The courses you'll take will vary depending on the field of engineering you choose. For example, the College Board says that civil engineering majors often take typical courses in dynamics, environmental awareness for engineers, and thermodynamics.
Employment Odds: According to "Job Outlook 2012," engineering was the second most sought-after broad category major. And the "Hard Times" report reflects this, noting that new engineering grads experienced a low unemployment rate of 7.5 percent.
And with teamwork and problem solving skills important to employers, according to the NACE report, it's no wonder this degree is in demand. Especially since the College Board notes that as a civil engineering major, "you'll solve a problem with a group or compare ideas with other students after working a problem out on your own."
Potential Career: The U.S. Department of Labor notes that there are a variety of engineering careers out there, including biomedical, mechanical, civil, and more. And as you probably assume, education requirements differ depending on the field. For example, civil engineers need a "bachelor's degree in civil engineering or one of its specialties," says the Department of Labor.

Adjusting to a New Culture for School

source: IVN.us

You have made the choice to accept admission to a college or university in the U.S.  You may be excited, anxious and curious what it will be like to be among mostly American students in and out of the classroom.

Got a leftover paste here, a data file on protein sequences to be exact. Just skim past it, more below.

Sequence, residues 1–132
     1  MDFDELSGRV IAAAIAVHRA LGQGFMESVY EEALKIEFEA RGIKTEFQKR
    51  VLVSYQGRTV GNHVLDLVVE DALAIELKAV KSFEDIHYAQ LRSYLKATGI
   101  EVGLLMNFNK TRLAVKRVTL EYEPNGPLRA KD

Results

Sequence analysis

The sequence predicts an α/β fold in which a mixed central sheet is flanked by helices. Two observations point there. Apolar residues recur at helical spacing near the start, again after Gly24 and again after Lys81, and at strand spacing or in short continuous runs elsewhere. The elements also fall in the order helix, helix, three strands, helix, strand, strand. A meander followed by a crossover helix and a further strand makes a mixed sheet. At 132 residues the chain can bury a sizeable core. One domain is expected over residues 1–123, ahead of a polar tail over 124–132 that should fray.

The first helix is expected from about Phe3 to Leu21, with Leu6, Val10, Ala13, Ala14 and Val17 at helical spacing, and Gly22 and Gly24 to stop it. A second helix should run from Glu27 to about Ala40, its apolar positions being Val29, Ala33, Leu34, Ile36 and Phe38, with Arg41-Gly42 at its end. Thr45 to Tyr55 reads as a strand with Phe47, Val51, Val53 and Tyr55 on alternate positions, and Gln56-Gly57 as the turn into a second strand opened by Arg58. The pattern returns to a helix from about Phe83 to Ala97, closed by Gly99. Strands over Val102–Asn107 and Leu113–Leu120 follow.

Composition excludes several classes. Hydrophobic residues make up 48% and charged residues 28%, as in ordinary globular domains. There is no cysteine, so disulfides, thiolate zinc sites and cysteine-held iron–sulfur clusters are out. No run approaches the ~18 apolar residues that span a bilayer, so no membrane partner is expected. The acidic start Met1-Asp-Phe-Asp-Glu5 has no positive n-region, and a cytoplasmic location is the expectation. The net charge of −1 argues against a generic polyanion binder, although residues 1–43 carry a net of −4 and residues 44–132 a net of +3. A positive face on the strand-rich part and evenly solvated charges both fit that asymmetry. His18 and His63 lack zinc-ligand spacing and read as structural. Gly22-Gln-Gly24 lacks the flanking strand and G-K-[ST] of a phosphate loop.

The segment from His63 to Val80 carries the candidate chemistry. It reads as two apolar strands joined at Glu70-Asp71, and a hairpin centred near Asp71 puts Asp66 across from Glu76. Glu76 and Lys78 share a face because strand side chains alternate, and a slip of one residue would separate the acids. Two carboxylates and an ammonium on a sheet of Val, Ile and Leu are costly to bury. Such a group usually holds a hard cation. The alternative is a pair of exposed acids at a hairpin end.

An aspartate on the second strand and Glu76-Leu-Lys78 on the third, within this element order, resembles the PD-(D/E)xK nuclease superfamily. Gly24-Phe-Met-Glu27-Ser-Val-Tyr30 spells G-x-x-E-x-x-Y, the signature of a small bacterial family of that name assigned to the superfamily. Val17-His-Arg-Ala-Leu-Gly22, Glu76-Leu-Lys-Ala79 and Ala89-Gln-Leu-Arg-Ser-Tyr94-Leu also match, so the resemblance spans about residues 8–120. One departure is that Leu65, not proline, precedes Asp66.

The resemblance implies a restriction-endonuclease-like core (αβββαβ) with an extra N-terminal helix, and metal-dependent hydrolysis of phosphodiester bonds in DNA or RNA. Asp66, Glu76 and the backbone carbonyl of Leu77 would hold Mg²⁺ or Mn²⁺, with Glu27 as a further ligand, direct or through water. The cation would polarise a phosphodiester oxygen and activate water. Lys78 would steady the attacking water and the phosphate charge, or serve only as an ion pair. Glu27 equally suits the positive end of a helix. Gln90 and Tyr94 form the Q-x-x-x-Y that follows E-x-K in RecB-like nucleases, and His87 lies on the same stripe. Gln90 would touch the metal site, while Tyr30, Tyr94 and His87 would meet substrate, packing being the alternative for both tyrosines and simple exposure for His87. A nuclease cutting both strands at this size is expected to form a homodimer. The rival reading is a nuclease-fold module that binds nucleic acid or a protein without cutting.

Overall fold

These are very common feelings, and you can prepare by reading books such as, Excuse Me, Can You Repeat That? (available online from various worldwide booksellers) or talking to friends who have already experienced going to school in the U.S.  You will hear stories of success and difficulties. Each person's experience is unique. There are however some commonalities for most in the form of adjustment or adaptation stages - and they occur for most people who immerse themselves in a new culture. The final stage, when you finally feel comfortable in your new surroundings WILL happen....so put away any negative feelings and get excited for your new experience. Once you arrive, there will be many people around to help you along the way. International Student Offices are available to provide you with assistance. Reach out to that office if you are feeling confused and they will point you in the proper direction. Also, new student orientation programs will provide you with a strong foundation of knowledge to help guide you.